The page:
I believe he does, both in Venezuela and abroad. He was recently on a tour to other Latin American countries and the Venezuelan diaspora was cheering him, many crying that he would help them come back to their homes. People are desperate and they have found in him a symbol. It is part of the process that has turned him from an unknown politician a few weeks ago to a sort of messiah today. I believe that one of the pictures I took of him in a church in Caracas, with all the international and local media in front of him, illustrates this. It will be very hard to meet their expectations …
A woman cries during the funeral of her husband, Keiber Cubero, 25. Father to a little girl and struggling to find food, Keiber went to rob a restaurant with two friends during the night. They were caught and killed by police officers while fleeing the scene.
How do you personally approach covering a story which is one of so much fear and desperation for so many people?
Personally, I take on this sort of project with a major feeling of respect and a huge feeling of responsibility. I understand that most of the situations I witness are truly uncomfortable moments for my subjects – garbage picking, at a funeral, behind bars – and yet they allow me to photograph them in exchange for their message being spread.
Keiber Cubero’s body is carried by friends to the cemetery.
The family of Keiber Cubero prays in front of his coffin.
Keiber Cubero’s wife and daughter give the last goodbye. Right, family members mourn the death of Yoveiker Mendoza, 17, killed by a branch of Venezuela’s special forces.
For example, I was able to take pictures during the funeral of a young man named Keiber Cubero. I am sure his family was heartbroken and it was hard to have a camera pointing at them (I am sure it would be hard for me if that ever happened to me). But they allowed me to be there because they felt that what happened to Keiber wasn’t fair, and that it had to be known. I always feel the responsibility of having to deliver on my end, of making sure that the story is told. It happened with Keiber, but it’s the same with pretty much every subject in the story.
Prisoners beg for food and water at their cells in a police station. Many said they had regular jobs but turned to crime because of the impossibility of bringing food home.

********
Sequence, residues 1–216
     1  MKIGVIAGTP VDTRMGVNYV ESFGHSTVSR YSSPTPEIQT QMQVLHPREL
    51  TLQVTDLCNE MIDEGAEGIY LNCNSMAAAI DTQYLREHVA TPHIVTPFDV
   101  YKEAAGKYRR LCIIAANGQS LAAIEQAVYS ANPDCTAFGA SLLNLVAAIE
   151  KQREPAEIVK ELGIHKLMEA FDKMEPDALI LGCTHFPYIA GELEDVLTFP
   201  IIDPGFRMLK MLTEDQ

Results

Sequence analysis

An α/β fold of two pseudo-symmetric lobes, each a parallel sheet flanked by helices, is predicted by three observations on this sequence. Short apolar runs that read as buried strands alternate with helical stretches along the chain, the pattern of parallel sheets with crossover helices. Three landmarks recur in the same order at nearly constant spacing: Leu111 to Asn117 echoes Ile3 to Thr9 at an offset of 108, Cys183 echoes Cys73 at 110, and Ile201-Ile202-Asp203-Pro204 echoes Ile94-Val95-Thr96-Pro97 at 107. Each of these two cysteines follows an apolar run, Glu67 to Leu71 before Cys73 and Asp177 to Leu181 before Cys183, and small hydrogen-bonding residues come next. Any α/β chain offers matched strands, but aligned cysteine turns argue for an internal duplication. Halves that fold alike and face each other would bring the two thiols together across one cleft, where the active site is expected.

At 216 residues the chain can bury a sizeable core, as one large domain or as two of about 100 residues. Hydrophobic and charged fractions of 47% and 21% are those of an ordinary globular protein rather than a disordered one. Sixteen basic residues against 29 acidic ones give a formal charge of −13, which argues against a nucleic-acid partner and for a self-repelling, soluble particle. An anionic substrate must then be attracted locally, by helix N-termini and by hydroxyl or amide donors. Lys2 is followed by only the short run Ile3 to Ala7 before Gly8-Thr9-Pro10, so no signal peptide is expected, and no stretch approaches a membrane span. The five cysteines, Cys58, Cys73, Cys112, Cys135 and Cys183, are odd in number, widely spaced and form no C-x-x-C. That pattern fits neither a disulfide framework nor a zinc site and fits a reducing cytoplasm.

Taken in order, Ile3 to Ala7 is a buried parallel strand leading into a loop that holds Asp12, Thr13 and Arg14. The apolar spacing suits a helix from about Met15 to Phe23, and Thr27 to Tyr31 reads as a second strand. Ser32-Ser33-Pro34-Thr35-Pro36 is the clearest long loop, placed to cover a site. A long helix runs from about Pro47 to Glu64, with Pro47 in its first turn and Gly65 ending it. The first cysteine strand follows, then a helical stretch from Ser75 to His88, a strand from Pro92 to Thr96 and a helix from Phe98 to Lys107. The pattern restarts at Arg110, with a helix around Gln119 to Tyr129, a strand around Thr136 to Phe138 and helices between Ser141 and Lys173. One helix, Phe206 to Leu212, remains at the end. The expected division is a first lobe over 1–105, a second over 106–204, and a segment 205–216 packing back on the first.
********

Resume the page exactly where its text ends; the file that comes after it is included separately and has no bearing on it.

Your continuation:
Is there a moment or a photograph that particularly stands out in this feature that you can talk about?
I think that the one taken at the police station, with the hands coming out from the bars, is quite shocking. I was only able to take a few frames because we had very little time. It was extremely hot and humid inside and there were no windows or sources of light beyond a small lamp at the end of the cells. I was also able to talk with the inmates, and most of them told me what I was trying to tell with my story: that many people are forced to turn to crime in order to survive.
Prisoners crammed into their cells at a police station. Although prison overcrowding has been an issue for decades, the Venezuelan prison system has now reached the point of collapse.
Children play on a football pitch in Mamera, one of the most dangerous slums in Caracas. The lack of food is also causing an educational crisis, since many mothers refuse to take their children to school on an empty stomach.
The Venezuelan people seem to be incredibly resilient in the face of such difficult hardships as a lack of basic resources – how do you think people are able to cope?
They are indeed incredibly resilient, but I think they are growing more desperate by the minute. Millions weren’t able to cope and left the country while others who were left behind are suffering from mental disorder and depression. Wherever you go there are only two topics: the crisis and the hyperinflation. The economic aspect has become such a huge part of everyone’s life it is making people crazy.
A young girl walks past a pavement where, a few minutes earlier, a man had stabbed three people with a kitchen knife.